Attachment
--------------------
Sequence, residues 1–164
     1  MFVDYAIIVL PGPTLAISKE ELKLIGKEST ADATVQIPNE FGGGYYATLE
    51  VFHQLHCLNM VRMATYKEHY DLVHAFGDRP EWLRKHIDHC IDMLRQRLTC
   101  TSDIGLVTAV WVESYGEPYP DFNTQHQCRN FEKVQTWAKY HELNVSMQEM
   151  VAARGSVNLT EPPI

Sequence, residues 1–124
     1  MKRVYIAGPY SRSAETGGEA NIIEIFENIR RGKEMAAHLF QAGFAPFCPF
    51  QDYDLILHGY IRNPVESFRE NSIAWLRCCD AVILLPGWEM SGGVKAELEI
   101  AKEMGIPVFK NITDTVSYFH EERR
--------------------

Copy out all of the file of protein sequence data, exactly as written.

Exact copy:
Sequence, residues 1–164
     1  MFVDYAIIVL PGPTLAISKE ELKLIGKEST ADATVQIPNE FGGGYYATLE
    51  VFHQLHCLNM VRMATYKEHY DLVHAFGDRP EWLRKHIDHC IDMLRQRLTC
   101  TSDIGLVTAV WVESYGEPYP DFNTQHQCRN FEKVQTWAKY HELNVSMQEM
   151  VAARGSVNLT EPPI

Sequence, residues 1–124
     1  MKRVYIAGPY SRSAETGGEA NIIEIFENIR RGKEMAAHLF QAGFAPFCPF
    51  QDYDLILHGY IRNPVESFRE NSIAWLRCCD AVILLPGWEM SGGVKAELEI
   101  AKEMGIPVFK NITDTVSYFH EERR